Lesson Learned: Ensure third parties in a transaction comply with applicable laws.

Especially when operating in high-risk jurisdictions, it's critical for manufacturers and exporters to ensure that third parties in the distribution chain comply with applicable laws. In many cases, this can be accomplished by doing appropriate due diligence on transaction parties and by obtaining contractual assurances that all parties will comply with U.S. sanctions. If the manufacturer or exporter will again become involved later in the transaction (e.g., through relationships with dealers at the point of sale or through providing warranty or aftersales services to the end users), companies should consider taking additional steps to maintain visibility into the distribution chain and obtaining even more robust compliance language, including the ability to walk away from a transaction or void a contract, if necessary, to avoid a sanctions violation.

ZTE Tactic: Requiring employees to sign NDAs affirming they would conceal ZTE's Iran business.

According to the DOJ, ZTE required certain of its employees to sign non-disclosure agreements in which the employees agreed not to disclose its Iran-related business outside the company.

Lesson Learned: Empower employees to report potential or suspected violations and establish a clear line of communication.

As a central component of any effective compliance program, companies should encourage employees to report any potential or suspected violations of law (including export controls or economic sanctions) or of company policies. Such explicit encouragement can be particularly useful in preventing violations before they occur and can also help companies detect and remedy violations or gaps in the compliance program. The compliance program should clearly outline procedures for reporting such potential or suspected violations and companies should, where possible, establish a mechanism for anonymous reporting, such as a hotline.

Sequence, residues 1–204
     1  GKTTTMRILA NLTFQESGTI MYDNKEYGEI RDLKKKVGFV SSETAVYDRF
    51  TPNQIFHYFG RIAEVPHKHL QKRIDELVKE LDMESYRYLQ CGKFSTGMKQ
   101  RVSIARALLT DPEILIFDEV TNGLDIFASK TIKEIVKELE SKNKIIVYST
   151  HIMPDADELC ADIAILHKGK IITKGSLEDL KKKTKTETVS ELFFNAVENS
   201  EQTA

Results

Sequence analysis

ZTE Tactic: Deleting data and records, as well as employee emails, relating to Iran.

According to the DOJ, ZTE formed a "contract data induction team" ("CDIT") to monitor the company's databases and remove any data related to the Iran sales. The company also went so far as to initiate a nightly auto-deletion of the emails of the 13 CDIT members.

Lesson Learned: Implement a strict recordkeeping policy that preserves all relevant types of records.

Recordkeeping is another key element of an effective compliance program. Such a policy should align, at the very least, with the relevant statute of limitations—five years for export or sanctions related transactions. The policy should specify the types of records required to be retained, including licenses, purchase orders, bills of lading, and other export documentation, and, if possible, should identify a central repository or person responsible for maintaining records. Additionally, the recordkeeping policy ought to identify procedures for implementing a hold on the destruction of any documents in the event of an unintentional violation.

The press releases and accompanying materials can be accessed here:

DOJ Press Release

OFAC Press Release

BIS Press Release and Settlement Agreement

The content of this article is intended to provide a general guide to the subject matter. Specialist advice should be sought about your specific circumstances.

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Olga Torres